There was a loud buzz in the education community this week over the announcement of a Gates Foundation grant that will investigate the use of biosensory devices to measure student engagement during classroom learning. As is becoming increasingly typical, some in the education establishment reacted hysterically.
The Gates grant of about $1.4 million will fund university researchers at locations around the country. According to the Baltimore Sun, here's how it works:
The biometric bracelets, produced by a Massachusetts startup company, Affectiva Inc, send a small current across the skin and then measure subtle changes in electrical charges as the sympathetic nervous system responds to stimuli. The wireless devices have been used in pilot tests to gauge consumers' emotional response to advertising.
Gates officials hope the devices, known as Q Sensors, can become a common classroom tool, enabling teachers to see, in real time, which kids are tuned in and which are zoned out.
The slant on this story in the education media, and the ensuing response from commentators, was nothing short of irrational.
Education historian Diane Ravitch, who has in recent years transformed herself into a full-time lobbyist on behalf of the educational status quo, typified the hysteria:
"They should devote more time to improving the substance of what is being taught ... and give up all this measurement mania," said Diane Ravitch...
Ravitch blogged about the biosensor bracelets a few days ago after a critic of the Gates Foundation flagged the grants on Twitter. Her posts generated a small storm of angry commentary online, with some teachers joking that they would have to start screaming at random intervals or showing the occasional soft porn film to keep arousal rates among their students sufficiently high.
In another article, Ravitch was quoted this way:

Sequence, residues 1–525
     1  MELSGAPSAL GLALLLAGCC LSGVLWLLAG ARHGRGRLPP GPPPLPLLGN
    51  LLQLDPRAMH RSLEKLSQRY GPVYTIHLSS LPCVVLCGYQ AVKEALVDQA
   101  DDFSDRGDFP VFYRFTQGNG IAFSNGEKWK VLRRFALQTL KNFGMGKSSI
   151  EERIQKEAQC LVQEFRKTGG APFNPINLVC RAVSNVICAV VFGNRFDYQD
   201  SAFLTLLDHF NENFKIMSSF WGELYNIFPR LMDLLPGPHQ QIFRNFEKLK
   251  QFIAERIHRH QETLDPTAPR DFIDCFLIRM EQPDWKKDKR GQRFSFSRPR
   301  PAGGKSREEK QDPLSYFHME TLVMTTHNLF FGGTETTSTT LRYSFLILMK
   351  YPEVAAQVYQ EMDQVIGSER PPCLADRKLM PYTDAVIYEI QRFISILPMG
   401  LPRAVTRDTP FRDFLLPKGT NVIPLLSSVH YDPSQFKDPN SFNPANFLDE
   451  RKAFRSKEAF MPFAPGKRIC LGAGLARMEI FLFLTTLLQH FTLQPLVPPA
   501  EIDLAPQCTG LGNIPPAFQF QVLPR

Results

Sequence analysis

Depending on the GSR readouts could mean that an educator who maintains a classroom full of excited and anxious students would be rewarded for keeping kids engaged. That, Ravitch wrote, would give a distinct edge to “tyrannical teachers” who “inspire anxiety by keeping students in constant fear.”
“The idea that this powerful foundation is setting in motion a means of measuring physiological responses to teachers is deeply disturbing,” Ravitch wrote in a blog post. “The act of teaching is complex. It involves art, science, and craft. Learning is far more than can be measured by a GRS bracelet.”
Of course it is. But nowhere in the descriptions of the Gates research do I see the suggestion that a teacher's effectiveness will be evaluated based on a student's biometric feedback. In fact, in response to all this anti-science foolishness, the Gates Foundation issued a statement, which Ravitch actually quoted on her blog, and then summarily dismissed, insisting teacher evaluation was not the goal of this study:
These grants are not all related to the Measures of Effective Teaching research project, and will not in any way be used to evaluate teacher performance. Rather, these are tools to help students and teachers gain a better understanding how and when students are most engaged in the classroom, with the ultimate goal of learning how to help students learn better.
Maybe this is all a testament to how poorly schools have used student data in the past, or the slip-shod approach so many administrators take to using teacher observation data, or the badly-designed systems of teacher evaluation in so many states, that so many people reacted to a simply scientific study with such thoughtless fury. Maybe I shouldn't be surprised.
But in my experience, student engagement is one of the most critical and difficult-to-measure components of the learning process. I have watched experienced educators wrestle for hours trying to refine definitions of engagement for establishing better classroom walkthrough processes.
And while simply measuring arousal without a lot of additional contextual information obviously won't give you a very reliable assessment of what's actually going on in the classroom, this kind of simple biometric data still has the potential to tell us something. And given the widespread problem of poor student engagement, especially at the secondary level, I'm willing to give researchers the benefit of the doubt and see what they can find by doing some basic exploratory studies.
I'm sympathetic to teachers who are weary of school leaders who repeatedly misapply research findings to further complicate their already difficult jobs. But to reject the idea of even examining such things with empirical evidence is yet another poor reflection on our profession and speaks volumes to how blindly entrenched we've become to the status quo.
Update: Follow-up to this post, wherein I acknowledge some rhetorical over-reach.